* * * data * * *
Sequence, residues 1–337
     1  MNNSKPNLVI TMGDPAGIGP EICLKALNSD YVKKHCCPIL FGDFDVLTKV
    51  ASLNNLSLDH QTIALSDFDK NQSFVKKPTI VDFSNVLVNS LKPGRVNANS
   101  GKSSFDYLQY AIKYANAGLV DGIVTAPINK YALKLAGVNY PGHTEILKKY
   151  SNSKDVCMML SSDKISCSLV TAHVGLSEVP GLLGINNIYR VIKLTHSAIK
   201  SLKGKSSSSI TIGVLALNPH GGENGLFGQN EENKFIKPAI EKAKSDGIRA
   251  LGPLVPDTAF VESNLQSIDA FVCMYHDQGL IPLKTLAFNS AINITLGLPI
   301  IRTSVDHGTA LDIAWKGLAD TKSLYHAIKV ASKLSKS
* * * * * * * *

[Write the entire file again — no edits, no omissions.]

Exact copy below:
Sequence, residues 1–337
     1  MNNSKPNLVI TMGDPAGIGP EICLKALNSD YVKKHCCPIL FGDFDVLTKV
    51  ASLNNLSLDH QTIALSDFDK NQSFVKKPTI VDFSNVLVNS LKPGRVNANS
   101  GKSSFDYLQY AIKYANAGLV DGIVTAPINK YALKLAGVNY PGHTEILKKY
   151  SNSKDVCMML SSDKISCSLV TAHVGLSEVP GLLGINNIYR VIKLTHSAIK
   201  SLKGKSSSSI TIGVLALNPH GGENGLFGQN EENKFIKPAI EKAKSDGIRA
   251  LGPLVPDTAF VESNLQSIDA FVCMYHDQGL IPLKTLAFNS AINITLGLPI
   301  IRTSVDHGTA LDIAWKGLAD TKSLYHAIKV ASKLSKS